If you are self-employed, either as a sole trader or in partnership, and you use a business vehicle for private purposes, HMRC will seek to disallow any motoring costs, petrol etc., and capital allowances based on the purchase cost of the vehicle, to cover the private use proportion.
The only practical way that you can do this is to record your car mileage at the beginning and end of your trading year, to ascertain the total miles for the period, and a log of your business miles.
At a minimum, you should be able to provide evidence of total annual mileage and a detailed record of business mileage for the same period. The log should include the following information:
- Date of the business use
- The address you were attending and the round trip mileage
- The reason for the trip
This could be recorded in a diary kept in your car or by using one of the multitude of Apps now available for this purpose.
Armed with this information, any disallowance of running costs and capital allowances will be fairly based and not some arbitrary figure dictated by HMRC. Estimates will not cut muster with the tax office, you will need to back up numbers with evidence.
If you are employed, have the use of a company car, and your employer pays all of your petrol, including that used privately, then you will be subject to the car fuel benefit charge. The only way to avoid this tax charge is to repay your employer for petrol used privately. To do this you will need to keep a log of all private journeys. At the end of each tax year, or periodically during the tax year, you should multiply the private use miles by the approved car fuel rate – this can be accessed from the HMRC website at https://www.gov.uk/government/publications/advisory-fuel-rates. Just multiply the private use miles by the appropriate rate per mile and pay this amount to your employer.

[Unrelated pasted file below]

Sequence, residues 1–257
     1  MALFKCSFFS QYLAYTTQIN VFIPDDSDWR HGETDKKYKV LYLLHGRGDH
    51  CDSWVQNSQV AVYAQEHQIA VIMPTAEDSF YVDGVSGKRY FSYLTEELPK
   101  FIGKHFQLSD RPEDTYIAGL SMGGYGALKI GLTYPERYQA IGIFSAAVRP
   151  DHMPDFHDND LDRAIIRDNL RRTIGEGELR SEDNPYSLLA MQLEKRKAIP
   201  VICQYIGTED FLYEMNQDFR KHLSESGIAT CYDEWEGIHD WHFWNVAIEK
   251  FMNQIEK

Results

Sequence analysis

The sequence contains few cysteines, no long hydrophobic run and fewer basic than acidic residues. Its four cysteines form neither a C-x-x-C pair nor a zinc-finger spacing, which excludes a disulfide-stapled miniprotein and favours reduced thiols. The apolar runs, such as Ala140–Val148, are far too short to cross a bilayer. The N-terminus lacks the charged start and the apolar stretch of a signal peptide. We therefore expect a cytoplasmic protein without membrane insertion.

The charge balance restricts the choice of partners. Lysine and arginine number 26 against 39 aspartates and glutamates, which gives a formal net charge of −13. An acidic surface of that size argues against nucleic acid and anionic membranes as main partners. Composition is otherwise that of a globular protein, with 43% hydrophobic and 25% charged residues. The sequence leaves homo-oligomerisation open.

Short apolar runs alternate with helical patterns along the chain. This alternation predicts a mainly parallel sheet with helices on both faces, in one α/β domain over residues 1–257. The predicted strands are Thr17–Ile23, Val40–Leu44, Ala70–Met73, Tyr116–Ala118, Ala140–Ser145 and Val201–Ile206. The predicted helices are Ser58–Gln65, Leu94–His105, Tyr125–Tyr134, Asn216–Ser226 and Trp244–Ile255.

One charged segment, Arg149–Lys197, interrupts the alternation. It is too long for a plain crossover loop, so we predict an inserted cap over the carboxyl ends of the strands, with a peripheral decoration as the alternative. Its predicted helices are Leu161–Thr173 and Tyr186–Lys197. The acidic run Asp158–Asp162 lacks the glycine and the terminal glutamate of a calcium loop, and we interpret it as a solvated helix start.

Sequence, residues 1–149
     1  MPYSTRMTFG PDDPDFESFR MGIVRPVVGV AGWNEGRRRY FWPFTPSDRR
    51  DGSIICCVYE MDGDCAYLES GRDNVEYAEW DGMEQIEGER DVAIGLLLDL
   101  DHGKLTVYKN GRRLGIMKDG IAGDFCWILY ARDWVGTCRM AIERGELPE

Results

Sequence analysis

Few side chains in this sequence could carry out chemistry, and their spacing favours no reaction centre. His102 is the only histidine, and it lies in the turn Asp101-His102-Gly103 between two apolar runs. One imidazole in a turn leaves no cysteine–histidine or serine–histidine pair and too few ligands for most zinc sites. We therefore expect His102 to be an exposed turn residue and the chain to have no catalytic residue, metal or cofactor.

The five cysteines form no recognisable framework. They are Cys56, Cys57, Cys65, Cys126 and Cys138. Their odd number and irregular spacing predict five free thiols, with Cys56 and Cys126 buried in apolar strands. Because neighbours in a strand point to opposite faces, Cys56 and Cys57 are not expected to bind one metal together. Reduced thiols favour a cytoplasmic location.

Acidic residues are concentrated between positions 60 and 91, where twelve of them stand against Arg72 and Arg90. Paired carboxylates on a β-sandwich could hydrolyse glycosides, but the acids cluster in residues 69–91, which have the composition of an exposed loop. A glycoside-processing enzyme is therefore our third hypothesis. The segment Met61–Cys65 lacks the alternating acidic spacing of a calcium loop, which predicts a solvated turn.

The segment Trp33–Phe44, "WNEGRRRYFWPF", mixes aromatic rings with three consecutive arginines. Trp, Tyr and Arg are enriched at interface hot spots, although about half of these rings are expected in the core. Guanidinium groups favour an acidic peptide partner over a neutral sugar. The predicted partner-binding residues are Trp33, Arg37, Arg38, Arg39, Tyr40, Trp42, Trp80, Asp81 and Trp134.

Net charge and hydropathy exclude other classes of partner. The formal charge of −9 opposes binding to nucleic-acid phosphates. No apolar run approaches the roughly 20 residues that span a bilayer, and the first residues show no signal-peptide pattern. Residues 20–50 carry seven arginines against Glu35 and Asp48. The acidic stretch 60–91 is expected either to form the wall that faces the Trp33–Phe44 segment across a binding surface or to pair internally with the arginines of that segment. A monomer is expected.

If you want your motoring costs fairly apportioned for private use, you will need to keep a mileage log.
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